Greetings--- As we roll into 2019, here are three education stories worth revisiting and talking about with colleagues:

1- Teachers Leaving the Profession at Record Rates

One of the things ERC does regularly is to facilitate school-based “new teacher groups”. They’ve gotten high praise from principals and from participants. We’ve been around and have learned to pay attention to the issues surrounding the attrition of young teachers. We see groups like these as a critical investment. Disturbingly high percentages of educators leave the profession after a brief foray, especially in poorer schools and low-performing settings, and despite a major financial investment in a teaching degree. We base our approach to working with new teachers on the fact that many people leave teaching not because they can’t master the technical aspects – organizing content, planning lessons, using computer programs, etc. but because of isolation and loneliness, on-going anxiety, lack of professional support, and the amount of time and emotional energy consumed by just showing up every day for school. We’ve also noticed over the past 4-5 years more complaints about the grind of getting scores up, a focus on trivial results over more engaging teaching, a relentless march through textbooks and standards to keep pace with demands for “coverage”, and the associated impingement on creativity that led many to consider the classroom to begin with.

 Now we can add meager pay and competing opportunities to that list:

 Teachers Quit Jobs at Highest Rate on Record


2-Facebook is not our friend

My instincts always made me leery of Summit Learning. Purchasing that platform seemed too much like a capitulation, an acknowledgement that a school can’t organize its curriculum, design lessons to connect with and motivate students and spark curiosity, or function as a “living system” with the capacity to recognize and address its own shortcomings. The Summit educators I met were largely unable to cite a theory of action, explain their role in making critical decisions about student learning, or comment on how the Summit approach fostered professional collegiality (remembering that adult learning and collaboration are the #1 predictors of a high-functioning organization). I attended Summit events where a common answer to any serious question about teaching and learning was, “oh, just have the students click here”. I also heard thoughtful educators rue the program’s reliance on cartoons and videos to explain and/or teach skills and a trivialization of serious historical and contemporary issues of class, race, gender, and equity.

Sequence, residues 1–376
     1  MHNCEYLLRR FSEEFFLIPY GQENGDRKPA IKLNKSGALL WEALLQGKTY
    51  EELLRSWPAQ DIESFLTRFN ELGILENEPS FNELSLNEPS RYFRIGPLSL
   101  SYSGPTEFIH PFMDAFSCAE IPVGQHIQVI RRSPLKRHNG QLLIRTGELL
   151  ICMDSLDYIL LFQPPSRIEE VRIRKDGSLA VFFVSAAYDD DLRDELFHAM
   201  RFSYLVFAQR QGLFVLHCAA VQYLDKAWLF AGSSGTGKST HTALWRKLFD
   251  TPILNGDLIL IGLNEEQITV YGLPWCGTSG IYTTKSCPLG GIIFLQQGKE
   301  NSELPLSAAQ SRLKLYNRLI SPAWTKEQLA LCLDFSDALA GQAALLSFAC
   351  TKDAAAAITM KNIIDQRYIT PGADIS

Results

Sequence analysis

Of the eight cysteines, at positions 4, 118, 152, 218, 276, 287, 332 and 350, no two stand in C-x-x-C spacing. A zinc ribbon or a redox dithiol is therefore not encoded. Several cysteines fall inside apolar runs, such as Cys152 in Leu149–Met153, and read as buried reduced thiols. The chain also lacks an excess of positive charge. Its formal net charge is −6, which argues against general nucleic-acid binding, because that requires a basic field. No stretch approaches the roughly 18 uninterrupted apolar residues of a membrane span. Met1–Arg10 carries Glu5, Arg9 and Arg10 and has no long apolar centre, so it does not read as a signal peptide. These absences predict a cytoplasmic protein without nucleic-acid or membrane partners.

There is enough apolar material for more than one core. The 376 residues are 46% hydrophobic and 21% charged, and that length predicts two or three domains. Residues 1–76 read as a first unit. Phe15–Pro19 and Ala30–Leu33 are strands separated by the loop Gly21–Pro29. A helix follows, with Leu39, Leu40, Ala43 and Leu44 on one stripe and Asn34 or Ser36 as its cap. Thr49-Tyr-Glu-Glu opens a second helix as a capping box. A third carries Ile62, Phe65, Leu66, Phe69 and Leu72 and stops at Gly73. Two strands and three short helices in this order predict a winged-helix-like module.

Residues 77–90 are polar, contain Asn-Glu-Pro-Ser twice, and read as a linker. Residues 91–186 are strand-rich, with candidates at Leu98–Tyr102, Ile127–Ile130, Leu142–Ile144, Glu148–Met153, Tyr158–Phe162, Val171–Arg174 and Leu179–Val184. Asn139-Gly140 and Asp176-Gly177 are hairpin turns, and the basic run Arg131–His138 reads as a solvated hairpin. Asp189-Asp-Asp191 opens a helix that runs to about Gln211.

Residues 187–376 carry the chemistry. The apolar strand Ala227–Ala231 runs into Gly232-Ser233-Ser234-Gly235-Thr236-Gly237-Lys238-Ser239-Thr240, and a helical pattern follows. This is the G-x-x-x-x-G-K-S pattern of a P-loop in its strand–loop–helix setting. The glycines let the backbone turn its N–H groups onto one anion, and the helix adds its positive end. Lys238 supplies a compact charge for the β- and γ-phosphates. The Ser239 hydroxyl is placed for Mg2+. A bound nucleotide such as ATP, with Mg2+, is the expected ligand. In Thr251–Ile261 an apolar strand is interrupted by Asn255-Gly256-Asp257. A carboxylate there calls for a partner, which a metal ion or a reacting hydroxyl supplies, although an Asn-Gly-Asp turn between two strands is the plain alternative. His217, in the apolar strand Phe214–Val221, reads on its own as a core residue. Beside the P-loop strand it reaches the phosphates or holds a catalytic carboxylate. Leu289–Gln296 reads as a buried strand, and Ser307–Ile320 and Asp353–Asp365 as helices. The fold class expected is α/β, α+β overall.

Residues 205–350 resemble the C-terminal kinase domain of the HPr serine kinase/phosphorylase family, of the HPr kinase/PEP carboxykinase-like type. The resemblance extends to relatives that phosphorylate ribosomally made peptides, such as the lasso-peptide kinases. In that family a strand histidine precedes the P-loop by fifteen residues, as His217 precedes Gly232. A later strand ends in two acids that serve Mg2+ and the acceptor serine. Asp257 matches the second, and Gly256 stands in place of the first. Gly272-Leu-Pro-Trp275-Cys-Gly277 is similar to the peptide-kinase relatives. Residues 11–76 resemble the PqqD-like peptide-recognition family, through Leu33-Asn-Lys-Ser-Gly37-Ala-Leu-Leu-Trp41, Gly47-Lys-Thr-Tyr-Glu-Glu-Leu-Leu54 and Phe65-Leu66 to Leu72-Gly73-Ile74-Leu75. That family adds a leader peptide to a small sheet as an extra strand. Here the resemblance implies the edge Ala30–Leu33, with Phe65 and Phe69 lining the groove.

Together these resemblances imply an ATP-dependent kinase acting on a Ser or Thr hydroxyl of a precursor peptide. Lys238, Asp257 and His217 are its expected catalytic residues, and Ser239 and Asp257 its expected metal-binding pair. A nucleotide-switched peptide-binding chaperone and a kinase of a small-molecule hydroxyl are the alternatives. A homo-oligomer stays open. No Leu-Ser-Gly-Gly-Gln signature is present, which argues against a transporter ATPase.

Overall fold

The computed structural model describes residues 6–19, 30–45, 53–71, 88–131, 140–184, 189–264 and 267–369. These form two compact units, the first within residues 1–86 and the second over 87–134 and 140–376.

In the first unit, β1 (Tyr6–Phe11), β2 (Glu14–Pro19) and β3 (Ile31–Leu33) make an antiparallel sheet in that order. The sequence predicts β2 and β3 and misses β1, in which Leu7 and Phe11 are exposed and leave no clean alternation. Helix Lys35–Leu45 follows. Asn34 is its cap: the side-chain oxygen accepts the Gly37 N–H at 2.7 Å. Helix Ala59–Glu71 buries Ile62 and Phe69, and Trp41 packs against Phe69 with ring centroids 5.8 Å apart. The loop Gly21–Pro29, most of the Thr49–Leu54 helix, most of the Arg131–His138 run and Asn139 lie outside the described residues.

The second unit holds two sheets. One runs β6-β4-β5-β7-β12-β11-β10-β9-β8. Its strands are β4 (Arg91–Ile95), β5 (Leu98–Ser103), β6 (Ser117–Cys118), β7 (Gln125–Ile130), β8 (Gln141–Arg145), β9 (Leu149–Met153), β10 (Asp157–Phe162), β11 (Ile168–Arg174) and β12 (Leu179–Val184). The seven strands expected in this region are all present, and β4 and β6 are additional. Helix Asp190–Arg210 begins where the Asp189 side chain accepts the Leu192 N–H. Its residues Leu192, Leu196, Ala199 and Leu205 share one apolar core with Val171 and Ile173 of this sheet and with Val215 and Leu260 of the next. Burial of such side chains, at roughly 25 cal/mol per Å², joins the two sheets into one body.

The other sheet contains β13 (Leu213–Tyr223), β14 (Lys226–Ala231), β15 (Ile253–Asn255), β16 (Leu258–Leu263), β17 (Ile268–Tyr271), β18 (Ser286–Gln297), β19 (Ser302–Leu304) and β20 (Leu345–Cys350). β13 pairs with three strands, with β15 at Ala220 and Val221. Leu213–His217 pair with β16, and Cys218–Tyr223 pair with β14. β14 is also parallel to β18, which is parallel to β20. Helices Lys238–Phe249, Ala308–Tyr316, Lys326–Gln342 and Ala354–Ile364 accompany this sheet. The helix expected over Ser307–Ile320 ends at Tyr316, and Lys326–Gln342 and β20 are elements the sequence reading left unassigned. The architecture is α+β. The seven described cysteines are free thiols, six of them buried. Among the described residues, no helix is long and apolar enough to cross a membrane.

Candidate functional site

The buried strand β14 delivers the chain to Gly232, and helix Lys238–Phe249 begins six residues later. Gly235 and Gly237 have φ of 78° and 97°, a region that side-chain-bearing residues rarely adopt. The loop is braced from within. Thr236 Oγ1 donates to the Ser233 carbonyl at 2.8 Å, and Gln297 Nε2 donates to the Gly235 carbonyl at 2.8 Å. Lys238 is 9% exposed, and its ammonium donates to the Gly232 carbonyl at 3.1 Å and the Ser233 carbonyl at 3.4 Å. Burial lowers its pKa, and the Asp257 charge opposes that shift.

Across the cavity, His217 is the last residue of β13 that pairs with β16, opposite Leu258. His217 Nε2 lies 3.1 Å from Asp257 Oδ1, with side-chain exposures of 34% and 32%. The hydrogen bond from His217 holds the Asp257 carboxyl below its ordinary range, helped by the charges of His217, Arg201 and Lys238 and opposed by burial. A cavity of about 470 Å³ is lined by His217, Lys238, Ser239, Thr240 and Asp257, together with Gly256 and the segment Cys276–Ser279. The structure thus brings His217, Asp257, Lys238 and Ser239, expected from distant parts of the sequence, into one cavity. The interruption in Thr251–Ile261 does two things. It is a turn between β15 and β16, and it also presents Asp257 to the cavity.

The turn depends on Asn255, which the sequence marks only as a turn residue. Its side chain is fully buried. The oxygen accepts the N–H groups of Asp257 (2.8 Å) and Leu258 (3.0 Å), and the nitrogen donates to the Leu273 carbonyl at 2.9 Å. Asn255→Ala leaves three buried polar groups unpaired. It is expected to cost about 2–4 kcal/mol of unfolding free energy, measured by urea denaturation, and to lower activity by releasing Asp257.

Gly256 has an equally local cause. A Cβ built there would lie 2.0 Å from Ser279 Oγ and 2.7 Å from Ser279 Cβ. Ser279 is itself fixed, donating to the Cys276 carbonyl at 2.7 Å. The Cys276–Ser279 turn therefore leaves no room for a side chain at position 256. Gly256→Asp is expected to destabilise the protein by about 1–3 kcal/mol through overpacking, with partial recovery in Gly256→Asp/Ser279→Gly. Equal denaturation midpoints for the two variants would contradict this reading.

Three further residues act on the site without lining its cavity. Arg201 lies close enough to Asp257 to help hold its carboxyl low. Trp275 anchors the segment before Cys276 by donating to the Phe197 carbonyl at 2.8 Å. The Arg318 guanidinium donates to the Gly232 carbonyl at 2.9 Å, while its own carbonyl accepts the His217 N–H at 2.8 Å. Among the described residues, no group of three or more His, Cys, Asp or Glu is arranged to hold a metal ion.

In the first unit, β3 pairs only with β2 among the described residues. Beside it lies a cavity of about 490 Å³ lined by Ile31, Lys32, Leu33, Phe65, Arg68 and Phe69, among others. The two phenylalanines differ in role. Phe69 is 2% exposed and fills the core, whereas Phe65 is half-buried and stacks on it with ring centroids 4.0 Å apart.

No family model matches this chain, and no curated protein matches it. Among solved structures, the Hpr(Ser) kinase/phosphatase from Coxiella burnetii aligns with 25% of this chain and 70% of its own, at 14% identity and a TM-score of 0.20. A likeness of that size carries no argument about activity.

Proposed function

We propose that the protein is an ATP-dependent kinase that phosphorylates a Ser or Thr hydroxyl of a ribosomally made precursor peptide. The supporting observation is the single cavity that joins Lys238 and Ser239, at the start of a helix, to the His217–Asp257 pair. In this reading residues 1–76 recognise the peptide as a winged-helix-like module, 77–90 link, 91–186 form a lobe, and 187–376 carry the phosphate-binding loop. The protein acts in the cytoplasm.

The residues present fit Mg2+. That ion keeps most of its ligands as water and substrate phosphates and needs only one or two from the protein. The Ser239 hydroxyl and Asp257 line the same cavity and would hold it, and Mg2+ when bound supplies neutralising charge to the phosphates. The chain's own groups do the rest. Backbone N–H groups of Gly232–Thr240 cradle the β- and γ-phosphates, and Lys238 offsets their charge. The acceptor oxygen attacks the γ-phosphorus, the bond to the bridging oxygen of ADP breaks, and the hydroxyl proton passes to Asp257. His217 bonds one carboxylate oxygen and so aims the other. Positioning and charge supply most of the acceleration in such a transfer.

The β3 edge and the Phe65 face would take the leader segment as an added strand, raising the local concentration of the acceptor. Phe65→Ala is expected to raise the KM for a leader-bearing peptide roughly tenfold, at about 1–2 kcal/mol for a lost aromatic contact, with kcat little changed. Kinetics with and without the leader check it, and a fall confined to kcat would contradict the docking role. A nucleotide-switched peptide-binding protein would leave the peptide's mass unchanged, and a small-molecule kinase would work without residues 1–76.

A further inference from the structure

I wasn’t surprised last year when more reports began to surface about students and families who had those and other issues with the Facebook-backed, Silicon Valley incursion into classrooms. Designed by pseudo-educators to make a buck and expand customer base, its unsavory aroma began to spread. Here's one story, and we think it’s cool that NYC’s Urban Academy, a public high-school bastion of rigorous, inquiry-based teaching and learning and attention to issues of social justice was one of the schools whose students led the way.

Students protest Zuckerberg-backed digital learning program and ask him: ‘What gives you this right?’

3-We Knew It All Along: More Pressure is Not a Solution

 Sadly, but predictably, the “School Turnaround” effort has largely been a costly failure. Few schools have ever turned around, and those that did had short-lived, marginal improvement. Policy-makers under duress, living apart from the reality of schools, have too often tried to address the wrong problems. An emphasis on technical fixes and programs to raise scores, many delivered as part of the proliferation of “school management” organizations (for both charter and traditional public schools), combined with low district capacity to identify and address root causes to make the turnaround approach a major loser for schools and taxpayers (but a boondoggle for “providers” --see Meyers and VanGronigen’s So Many Educational Service Providers, So Little Evidence.) This retrospective look raises questions about whether the meager gains were worth the political controversy, and the educational costs of putting a greater focus on test scores:

Pressuring schools to raise test scores got diminishing returns, new study of No Child Left Behind finds

Looking Ahead

Front-line educators have work to do. We have to do our homework and we need to know our history. We have to ask harder questions, and commit to engage the pubic on the issues that matter to us and to our students and families.

Here’s to a healthy and rewarding 2019.

Larry Myatt and Wayne Ogden, Co-Founders

Education Resources Consortium